I’m a GAA supporter but I have never been as annoyed and ashamed by the association as I have been this week over the non opening of Pairc Ui Chaoimh for Liam Miller’s Tribute game.
Liam Miller was just a few days short of his 37th birthday when he passed away this year from Pancreatic Cancer – the worst form of the dreaded disease. He had a wife and three children. In the space of a few months their whole world was turned upside down by something they could not prevent.
Liam was a Cork lad and played soccer with some of the biggest clubs in the world; Celtic, Manchester Utd and Leeds Utd. He represented his country too. He also came home to Ireland and played for his local League of Ireland club Cork City too but in his youth he played Gaelic football. Like Kevin Moran, Shane Long, Niall Quinn, etc this talented GAA youngster found out he could carve a career out of soccer and that’s the path he chose.
Like most Irish people who live and work abroad Liam was proud of where he was from and Cork were so very proud of him. Actually Irish people were proud of him. As a Celtic supporter I was delighted when he played for the club. I followed him to Leeds Utd too (my dad’s club) and his goal against Southampton in a thrilling comeback by the Yorkshire side still lives in the memory of supporters.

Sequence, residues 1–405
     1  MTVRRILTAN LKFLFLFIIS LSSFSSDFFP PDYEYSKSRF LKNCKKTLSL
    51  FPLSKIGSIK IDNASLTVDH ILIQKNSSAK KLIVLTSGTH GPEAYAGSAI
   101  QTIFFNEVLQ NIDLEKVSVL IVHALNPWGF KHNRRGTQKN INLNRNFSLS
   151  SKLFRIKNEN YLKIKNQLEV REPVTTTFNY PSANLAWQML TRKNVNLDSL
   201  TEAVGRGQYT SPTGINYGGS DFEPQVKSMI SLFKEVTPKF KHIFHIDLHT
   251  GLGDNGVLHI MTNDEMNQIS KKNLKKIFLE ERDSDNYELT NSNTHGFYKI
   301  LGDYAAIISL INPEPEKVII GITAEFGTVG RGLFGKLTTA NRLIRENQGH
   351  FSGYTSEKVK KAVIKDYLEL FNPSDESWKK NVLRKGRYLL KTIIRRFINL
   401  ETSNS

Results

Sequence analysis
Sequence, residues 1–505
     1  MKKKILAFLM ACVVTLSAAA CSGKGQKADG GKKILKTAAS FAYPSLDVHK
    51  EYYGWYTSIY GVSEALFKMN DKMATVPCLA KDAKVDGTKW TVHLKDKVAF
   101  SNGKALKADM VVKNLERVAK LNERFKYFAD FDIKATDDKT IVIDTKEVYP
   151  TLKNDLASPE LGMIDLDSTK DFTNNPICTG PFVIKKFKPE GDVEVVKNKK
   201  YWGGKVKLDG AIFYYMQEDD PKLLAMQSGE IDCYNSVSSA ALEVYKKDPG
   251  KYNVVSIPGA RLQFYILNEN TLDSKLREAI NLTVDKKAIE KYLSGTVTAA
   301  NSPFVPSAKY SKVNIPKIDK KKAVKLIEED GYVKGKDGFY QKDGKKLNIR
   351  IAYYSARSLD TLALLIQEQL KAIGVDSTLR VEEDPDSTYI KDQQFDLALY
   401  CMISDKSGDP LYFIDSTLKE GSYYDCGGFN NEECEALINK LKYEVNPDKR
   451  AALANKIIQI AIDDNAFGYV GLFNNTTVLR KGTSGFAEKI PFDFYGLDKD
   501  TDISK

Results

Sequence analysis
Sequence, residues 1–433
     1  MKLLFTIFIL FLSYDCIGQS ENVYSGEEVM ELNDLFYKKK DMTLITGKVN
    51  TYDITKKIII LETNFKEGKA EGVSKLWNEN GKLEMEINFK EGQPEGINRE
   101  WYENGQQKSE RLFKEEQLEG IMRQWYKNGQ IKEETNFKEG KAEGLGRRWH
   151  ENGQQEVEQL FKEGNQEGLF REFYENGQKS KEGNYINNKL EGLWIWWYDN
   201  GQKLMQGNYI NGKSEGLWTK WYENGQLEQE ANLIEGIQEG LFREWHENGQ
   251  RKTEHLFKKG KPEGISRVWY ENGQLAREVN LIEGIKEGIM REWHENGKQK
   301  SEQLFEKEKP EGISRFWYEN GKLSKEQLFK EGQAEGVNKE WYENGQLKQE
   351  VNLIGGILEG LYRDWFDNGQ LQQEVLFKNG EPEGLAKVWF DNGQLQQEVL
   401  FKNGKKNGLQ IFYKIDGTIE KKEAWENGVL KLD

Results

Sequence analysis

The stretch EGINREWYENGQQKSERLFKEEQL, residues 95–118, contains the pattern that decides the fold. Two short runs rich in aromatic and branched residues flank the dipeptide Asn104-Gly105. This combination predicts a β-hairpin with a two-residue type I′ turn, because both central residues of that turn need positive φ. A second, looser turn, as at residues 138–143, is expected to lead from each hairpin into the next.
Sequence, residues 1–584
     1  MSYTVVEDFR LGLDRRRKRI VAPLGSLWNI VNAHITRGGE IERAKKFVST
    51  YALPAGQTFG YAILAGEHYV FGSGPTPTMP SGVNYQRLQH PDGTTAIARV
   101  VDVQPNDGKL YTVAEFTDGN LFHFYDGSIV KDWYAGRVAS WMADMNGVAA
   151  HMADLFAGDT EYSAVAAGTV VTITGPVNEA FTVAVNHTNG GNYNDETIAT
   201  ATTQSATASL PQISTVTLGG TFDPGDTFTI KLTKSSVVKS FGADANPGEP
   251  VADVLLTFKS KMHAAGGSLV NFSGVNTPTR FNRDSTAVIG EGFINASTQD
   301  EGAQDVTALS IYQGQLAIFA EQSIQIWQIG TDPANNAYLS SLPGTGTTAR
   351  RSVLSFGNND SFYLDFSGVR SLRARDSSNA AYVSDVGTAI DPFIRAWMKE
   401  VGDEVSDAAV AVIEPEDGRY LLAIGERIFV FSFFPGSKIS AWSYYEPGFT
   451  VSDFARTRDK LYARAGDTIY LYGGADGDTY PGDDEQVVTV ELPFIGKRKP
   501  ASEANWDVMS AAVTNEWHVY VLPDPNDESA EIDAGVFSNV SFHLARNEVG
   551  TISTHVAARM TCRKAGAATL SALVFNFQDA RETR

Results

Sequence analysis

Miller was so unassuming but for someone who wasn’t in the limelight much his death touched so many people. It was a case of “why do the good have to die young?” And “life can be so cruel.” You can now change that to why can the powers that be in the GAA be so cruel?
As someone who has been brought up in a GAA house I have loved the sense of community and the way the club is central in nearly every parish in the country. Where I live in times of trouble and need the GAA club are the ones that are there to lend a hand and offer support. That’s what makes it special but the hierarchy have severely damaged their own ethos by not allowing the Pairc to hold this tribute game.
On the GAA’s own website it says that the organisation “is part of the Irish consciousness and plays an influential role in Irish society that extends far beyond the basic aim of promoting Gaelic games.” It is meant to be community based so why not help the community of Cork and the Miller family in remembering a husband, father, son, brother, cousin, friend but most of all a proud young Corkman whose life was cruelly cut short.